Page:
China's currency is expected to fall below its own 'red line,' prompting more complaints from US
- China's currency is expected to break the key 7 to the dollar level later this year or next year, a level some currency experts believe will spur more selling pressure.
- The U.S. Treasury refrained from calling China a 'currency manipulator' Wednesday, and the next day the currency continued its decline.
- But strategist say the weakening currency has more to do with domestic problems, like a softening economy and steep losses in China's domestic stock market.
Strategists expect China's weakening currency to eventually fall through a key psychological level that could spark an even steeper drop and, no doubt, draw a new round of criticism from the Trump administration.
The Treasury Department on Wednesday refrained from naming China a 'currency manipulator' in its biannual currency report, but it kept it on a watch list with several other countries. China was specifically called out for its 'lack of currency transparency and recent weakness in the currency." A weaker yuan helps insulate China against some of the impact of trade tensions because it makes exports cheaper.
The yuan on Thursday fell as China's stock markets sold off sharply amid fears of margin calls and more losses. The yuan touched 6.94 to the U.S. dollar, its lowest level since January 2017. Markets are watching to see if it will get to 7 yuan to the dollar, a level not seen for 10 years.
"Its a red line because it's psychological and also because China previously seemed to defend it verbally," said Marc Chandler, chief market strategist at Bannockburn Global Forex. He said the move to 7 is likely but not until after President Donald Trump and Chinese President Xi Jinping meet in November, and discuss trade.
Strategists say the trade conflict between the U.S. and China is a factor that has been strengthening the dollar, and weakening the yuan. The yuan began falling markedly in June when trade tensions flared. But strategists say there are other factors at work that have been weakening the currency, and much of them are domestic, including the steep drop in stock prices.
Shanghai stocks were down 2.9 percent on Thursday and are down 25 percent since the start of the year.
Some strategists say China has been trying to prevent the yuan's decline from becoming too disruptive or triggering a capital flight out of the country. But a number of them say China could also now let the yuan fall through 7 later this year or next year.
"Typically, it's seen as an important psychological threshold but now that the renminbi is falling from 6.3 to 6.9, and there's been no significant outflows form China, we think the PBOC is confident they can manage a further fall below 7 without a destabilizing decline." said Chang Liu, Chinese economist at Capital Economics.
There are signs that China is trying to support the renminbi, as the yuan is also called. September data from the People's Bank of China shows the central bank tried to stem losses.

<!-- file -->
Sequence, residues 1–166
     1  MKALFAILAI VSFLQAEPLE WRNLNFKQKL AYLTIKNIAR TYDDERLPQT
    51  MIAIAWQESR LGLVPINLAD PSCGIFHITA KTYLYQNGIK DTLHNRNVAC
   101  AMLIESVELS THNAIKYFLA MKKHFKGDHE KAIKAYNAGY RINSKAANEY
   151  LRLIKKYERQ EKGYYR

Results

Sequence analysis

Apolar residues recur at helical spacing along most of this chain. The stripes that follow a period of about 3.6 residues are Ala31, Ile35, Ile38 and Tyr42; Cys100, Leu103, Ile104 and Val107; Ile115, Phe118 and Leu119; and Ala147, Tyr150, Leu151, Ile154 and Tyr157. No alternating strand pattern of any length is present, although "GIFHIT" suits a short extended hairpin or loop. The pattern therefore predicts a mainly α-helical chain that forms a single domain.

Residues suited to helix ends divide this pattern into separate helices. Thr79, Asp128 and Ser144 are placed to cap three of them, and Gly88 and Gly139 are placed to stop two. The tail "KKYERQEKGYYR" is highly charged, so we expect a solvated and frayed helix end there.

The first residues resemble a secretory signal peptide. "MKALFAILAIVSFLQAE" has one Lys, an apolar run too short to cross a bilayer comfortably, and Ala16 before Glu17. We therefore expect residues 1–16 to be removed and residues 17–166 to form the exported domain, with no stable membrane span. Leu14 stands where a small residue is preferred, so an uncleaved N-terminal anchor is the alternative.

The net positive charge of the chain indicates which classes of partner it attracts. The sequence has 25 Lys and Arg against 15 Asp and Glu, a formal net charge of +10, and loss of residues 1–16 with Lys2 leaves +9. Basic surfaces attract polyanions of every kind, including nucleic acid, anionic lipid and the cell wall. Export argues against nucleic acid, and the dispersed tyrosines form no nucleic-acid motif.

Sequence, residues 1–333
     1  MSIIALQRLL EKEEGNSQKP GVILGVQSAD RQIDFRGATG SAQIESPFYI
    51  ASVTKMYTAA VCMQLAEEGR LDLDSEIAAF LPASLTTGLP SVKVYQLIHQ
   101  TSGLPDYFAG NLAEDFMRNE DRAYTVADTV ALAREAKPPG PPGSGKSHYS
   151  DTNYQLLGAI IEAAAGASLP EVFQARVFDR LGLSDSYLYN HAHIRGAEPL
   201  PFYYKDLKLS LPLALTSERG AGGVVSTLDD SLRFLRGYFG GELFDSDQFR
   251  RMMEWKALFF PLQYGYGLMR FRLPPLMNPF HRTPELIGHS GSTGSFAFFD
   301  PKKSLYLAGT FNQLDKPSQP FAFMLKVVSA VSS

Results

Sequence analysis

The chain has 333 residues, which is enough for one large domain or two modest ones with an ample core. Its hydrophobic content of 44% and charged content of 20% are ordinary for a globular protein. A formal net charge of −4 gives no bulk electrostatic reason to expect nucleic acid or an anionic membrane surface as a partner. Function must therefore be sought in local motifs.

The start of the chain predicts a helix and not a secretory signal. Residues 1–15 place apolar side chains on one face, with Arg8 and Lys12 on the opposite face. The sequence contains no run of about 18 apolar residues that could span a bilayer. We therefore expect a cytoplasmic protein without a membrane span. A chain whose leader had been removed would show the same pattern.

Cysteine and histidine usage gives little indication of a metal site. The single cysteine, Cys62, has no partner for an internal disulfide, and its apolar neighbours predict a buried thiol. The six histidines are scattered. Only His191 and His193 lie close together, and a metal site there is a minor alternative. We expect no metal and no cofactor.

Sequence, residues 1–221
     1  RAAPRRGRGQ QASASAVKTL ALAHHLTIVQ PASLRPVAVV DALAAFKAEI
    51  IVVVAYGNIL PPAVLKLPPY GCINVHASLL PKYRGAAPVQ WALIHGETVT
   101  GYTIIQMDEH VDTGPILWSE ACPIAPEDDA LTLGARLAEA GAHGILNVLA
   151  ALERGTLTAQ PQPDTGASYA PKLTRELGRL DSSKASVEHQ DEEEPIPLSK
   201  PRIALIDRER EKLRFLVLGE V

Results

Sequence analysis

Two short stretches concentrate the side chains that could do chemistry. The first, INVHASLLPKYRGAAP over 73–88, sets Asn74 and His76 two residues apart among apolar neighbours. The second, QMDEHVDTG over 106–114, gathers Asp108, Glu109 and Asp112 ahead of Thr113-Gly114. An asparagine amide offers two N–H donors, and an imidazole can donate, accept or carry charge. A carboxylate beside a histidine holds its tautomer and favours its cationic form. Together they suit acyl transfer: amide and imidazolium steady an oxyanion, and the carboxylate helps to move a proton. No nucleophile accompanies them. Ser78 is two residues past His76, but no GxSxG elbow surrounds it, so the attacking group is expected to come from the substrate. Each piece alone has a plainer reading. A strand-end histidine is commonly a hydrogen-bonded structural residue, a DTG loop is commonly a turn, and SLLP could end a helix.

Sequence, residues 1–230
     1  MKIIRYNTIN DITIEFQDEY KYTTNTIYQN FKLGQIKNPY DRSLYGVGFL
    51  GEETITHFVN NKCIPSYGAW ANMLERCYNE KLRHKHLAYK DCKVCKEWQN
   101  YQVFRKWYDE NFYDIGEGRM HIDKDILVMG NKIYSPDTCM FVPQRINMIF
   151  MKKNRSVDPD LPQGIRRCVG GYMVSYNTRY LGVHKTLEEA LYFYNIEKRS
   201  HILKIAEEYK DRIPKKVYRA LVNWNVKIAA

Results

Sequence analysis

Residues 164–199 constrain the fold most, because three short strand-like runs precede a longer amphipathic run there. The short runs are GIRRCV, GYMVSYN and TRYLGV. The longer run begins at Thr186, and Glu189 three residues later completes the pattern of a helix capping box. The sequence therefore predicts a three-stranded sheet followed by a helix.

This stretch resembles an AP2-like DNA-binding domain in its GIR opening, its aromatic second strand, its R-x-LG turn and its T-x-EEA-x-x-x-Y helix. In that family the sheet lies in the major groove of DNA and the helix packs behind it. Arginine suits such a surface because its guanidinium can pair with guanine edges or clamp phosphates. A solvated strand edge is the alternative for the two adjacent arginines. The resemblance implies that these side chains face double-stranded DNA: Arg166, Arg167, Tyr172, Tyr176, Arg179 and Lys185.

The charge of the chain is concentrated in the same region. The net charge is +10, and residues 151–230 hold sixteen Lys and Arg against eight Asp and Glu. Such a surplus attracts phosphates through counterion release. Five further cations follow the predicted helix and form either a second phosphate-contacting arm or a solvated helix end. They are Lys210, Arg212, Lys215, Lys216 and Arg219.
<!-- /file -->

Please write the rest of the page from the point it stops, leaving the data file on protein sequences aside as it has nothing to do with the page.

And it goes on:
"They sold FX to support the renminbi...about $17 billion worth of reserves, the most since the start of 2017," Liu said.
The People's Bank of China each day sets a rate for the yuan, allowing it to trade in a band against the dollar that is 2 percent on either side of its midpoint value. That is the onshore currency, or CNY. The offshore currency CNH is used by foreign investors and banks, and it typically lags the CNY.
Jonas David, emerging market strategist at UBS Global Wealth Management's chief investment office, said the declining yuan is linked to the softening of the Chinese economy. "We clearly see an economy that is softening. We see further monetary and fiscal policy easing," he said.
David said he expects to see the yuan reach 7.10 over the next six months and 7.30 to the dollar within a year. "In our view there's no reason why the depreciation of the Chinese yuan should stop at the level of 7. It's a psychological level, but we actually think the Chinese yuan will continue to weaken," said David.
When the Treasury issued its currency report Wednesday, Treasury Secretary Steven Mnuchin said in a statement that China's lack of transparency and weakening currency pose "major challenges to achieving fairer and more balanced trade, and we will continue to monitor and review China's currency practices, including ongoing discussions with the People's Bank of China."
Liu said the weaker yuan has helped China avoid the worst impact of trade tariffs.
"So far we think the tariffs impact will more or less be offset by the fall in the renminbi. We'll see a bit of an increasing headwind next year, as tariffs come up. The economy is slowing but mainly due to domestic factors, the policy makers have been tightening policy since 2016 to earlier this year," he said, adding a credit slowdown has had an impact on the economy.
But since May, he said there's been a shift in priorities and China is now using stimulus to boost the economy and encourage bank lending.
China's third quarter GDP is expected to show a slight decline Friday, falling to 6.6 percent from 6.7 percent.
"There's a lag between the start of policy and how long it takes to feed through," said Liu. "We think it will slow for another nine months."